Around 30 years ago, open source-driven innovations were often academic endeavours, sponsored by university IT departments, where students were encouraged to contribute and learn software engineering skills while simultaneously benefiting the university and the wider world.
However, over the last ten years, the world of open source has changed. Today, open-source is seen as the innovation engine across large, forward-thinking enterprises. Organisations are increasingly eager to adopt open-source projects like Linux or Jenkins, whereby they not only leverage technologies but also provide resources to create and contribute to projects. For example, Facebook, Google or LinkedIn embrace open source by creating and building innovative software as communal projects. In fact, open-source technologies and influencers are seen as rock stars in industries from global banking to retailers.
We can see open source everywhere. Projects like Linux, Kubernetes, React.js, or Tensorflow are becoming ubiquitous in IT departments, while open source technologists are quickly becoming the most highly sought-after talent. Innovative organisations are clamouring to build open-source credentials to draw in the best talent to cope with the increasing digital demand on businesses.
Why we all benefit from open source
The ubiquity of open source software means that your organisation is probably already using some of these technologies, many in business-critical applications. By encouraging community participation, organisations have the opportunity to drive change that matters to their business today as well as drive technology innovation forward. Participating in open source helps in-house teams stay motivated and at the cutting edge. Developers want to work on projects they are passionate about. Letting them do this can improve morale, and allowing them to take on challenges they may not face when working on in-house software can help nurture creativity and new approaches.
What’s more, companies that are seen as supporters and leaders in open source are seen as innovators in their industry, increasing motivation internally and visibility externally. In addition, these organisations find it much easier to attract the best IT talent to their businesses in a virtuous cycle of innovation driving innovators.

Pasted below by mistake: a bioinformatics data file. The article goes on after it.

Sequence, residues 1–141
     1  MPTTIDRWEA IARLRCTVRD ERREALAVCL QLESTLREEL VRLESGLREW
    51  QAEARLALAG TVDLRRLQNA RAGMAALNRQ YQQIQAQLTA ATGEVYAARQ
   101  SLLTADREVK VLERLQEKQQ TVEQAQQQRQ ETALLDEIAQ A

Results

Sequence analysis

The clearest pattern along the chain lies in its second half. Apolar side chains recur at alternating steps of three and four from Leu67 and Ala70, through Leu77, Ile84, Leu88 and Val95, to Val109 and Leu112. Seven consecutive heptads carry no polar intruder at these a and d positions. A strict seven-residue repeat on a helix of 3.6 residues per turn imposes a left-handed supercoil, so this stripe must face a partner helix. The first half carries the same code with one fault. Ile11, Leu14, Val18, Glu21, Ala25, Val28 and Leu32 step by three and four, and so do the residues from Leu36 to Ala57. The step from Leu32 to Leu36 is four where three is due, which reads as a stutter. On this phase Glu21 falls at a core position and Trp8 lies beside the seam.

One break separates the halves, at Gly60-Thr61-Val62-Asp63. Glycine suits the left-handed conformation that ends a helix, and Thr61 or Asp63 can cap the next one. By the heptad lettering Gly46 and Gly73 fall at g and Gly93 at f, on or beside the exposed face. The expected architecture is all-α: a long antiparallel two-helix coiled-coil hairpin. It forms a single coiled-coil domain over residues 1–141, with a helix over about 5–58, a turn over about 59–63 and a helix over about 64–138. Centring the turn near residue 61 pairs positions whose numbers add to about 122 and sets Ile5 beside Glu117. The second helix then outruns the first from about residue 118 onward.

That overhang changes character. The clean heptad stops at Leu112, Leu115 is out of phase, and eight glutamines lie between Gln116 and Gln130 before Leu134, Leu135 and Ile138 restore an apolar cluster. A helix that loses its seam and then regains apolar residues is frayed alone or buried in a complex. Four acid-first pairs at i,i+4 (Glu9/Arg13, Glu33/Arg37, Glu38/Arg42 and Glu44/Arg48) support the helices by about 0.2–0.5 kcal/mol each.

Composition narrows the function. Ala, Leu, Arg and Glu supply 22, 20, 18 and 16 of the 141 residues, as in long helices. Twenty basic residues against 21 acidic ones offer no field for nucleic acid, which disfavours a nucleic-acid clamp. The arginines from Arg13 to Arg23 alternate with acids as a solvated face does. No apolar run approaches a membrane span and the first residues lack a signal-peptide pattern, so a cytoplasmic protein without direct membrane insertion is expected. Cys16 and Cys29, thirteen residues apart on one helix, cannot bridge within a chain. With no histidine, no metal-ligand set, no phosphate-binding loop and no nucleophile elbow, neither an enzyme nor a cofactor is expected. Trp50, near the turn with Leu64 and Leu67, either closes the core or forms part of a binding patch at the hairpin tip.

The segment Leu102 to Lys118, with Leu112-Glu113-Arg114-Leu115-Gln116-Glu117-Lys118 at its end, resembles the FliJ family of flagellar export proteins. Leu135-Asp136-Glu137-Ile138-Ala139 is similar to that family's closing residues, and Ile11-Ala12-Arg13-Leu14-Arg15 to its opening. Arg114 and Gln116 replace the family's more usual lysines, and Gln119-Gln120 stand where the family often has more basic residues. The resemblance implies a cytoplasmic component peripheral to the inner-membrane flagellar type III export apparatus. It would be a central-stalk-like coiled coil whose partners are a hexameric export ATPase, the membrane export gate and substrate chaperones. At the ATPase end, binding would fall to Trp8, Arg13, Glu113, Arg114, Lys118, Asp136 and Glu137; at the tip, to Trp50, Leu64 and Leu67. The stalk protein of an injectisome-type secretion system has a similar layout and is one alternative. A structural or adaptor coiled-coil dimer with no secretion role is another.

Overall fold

In the end, there is a clear economic reason to get involved with open source - in 2018, open-source software added between €65 billion and €95 billion to the European economy. It is in everyone’s long-term interest to cultivate and nurture open source projects that can do far more commercial and social good than siloed in-house teams could alone.
Today’s challenge to the open-source movement
While the benefits are clear, some companies don’t see the immediate benefit in letting their teams contribute to open source projects and believe all of an employee’s productive energy should go into work that directly generates revenue. Some organisations have discouraged the use of and contribution to open-source projects in-house or even prevented employees from contributing outside of work.
However, even if companies don’t restrict their out-of-work activity, many developers with full-time jobs simply don’t have the time. Getting seriously into the weeds of an open-source project means a lot of time and energy on coding and fielding bug reports and support requests - often in numbers that an overwhelmed developer minority couldn’t possibly manage completely.
In her book, Working in Public: The Making and Maintenance of Open Source Software, Nadia Eghbal notes that almost half of contributors across 275 popular GitHub projects only contributed once - accounting for under 2% of overall ‘commits’.
Helping open source communities helps us all
We all benefit from ensuring that open source projects retain their guiding hands and most experienced talent from a mixture of employed and volunteer contributors. While there will always be a new generation of younger programmers willing to build up their skills and take the reins of open source projects, full-time developers who are motivated and supported by their employers can leverage their experience to take these projects to the next level.
Open source communities should be considered as shared assets. Their engagement provides short- and long-term benefits for companies, contributors, and society as a whole. When it comes to open source communities, we should always keep in mind the classic problem of the tragedy of the commons - it is a shared space that benefits everyone, and we have to actively work to ensure that both developers creating and companies using open source software put in and take away a balanced contribution. The very companies that put the most energy into helping the open-source movement stand to gain the most from it flourishing.